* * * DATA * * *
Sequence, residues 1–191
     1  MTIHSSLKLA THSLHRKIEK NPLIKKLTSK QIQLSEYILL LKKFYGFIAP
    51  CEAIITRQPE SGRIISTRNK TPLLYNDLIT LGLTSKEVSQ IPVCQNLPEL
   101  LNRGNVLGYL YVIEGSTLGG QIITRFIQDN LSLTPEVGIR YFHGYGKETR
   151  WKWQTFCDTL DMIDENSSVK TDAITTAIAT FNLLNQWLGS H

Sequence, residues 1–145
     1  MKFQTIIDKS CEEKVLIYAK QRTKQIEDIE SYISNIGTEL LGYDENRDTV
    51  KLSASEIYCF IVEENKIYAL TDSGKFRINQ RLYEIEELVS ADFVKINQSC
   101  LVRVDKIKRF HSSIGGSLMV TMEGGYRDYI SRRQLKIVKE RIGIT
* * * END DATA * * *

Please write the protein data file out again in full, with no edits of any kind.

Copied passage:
Sequence, residues 1–191
     1  MTIHSSLKLA THSLHRKIEK NPLIKKLTSK QIQLSEYILL LKKFYGFIAP
    51  CEAIITRQPE SGRIISTRNK TPLLYNDLIT LGLTSKEVSQ IPVCQNLPEL
   101  LNRGNVLGYL YVIEGSTLGG QIITRFIQDN LSLTPEVGIR YFHGYGKETR
   151  WKWQTFCDTL DMIDENSSVK TDAITTAIAT FNLLNQWLGS H

Sequence, residues 1–145
     1  MKFQTIIDKS CEEKVLIYAK QRTKQIEDIE SYISNIGTEL LGYDENRDTV
    51  KLSASEIYCF IVEENKIYAL TDSGKFRINQ RLYEIEELVS ADFVKINQSC
   101  LVRVDKIKRF HSSIGGSLMV TMEGGYRDYI SRRQLKIVKE RIGIT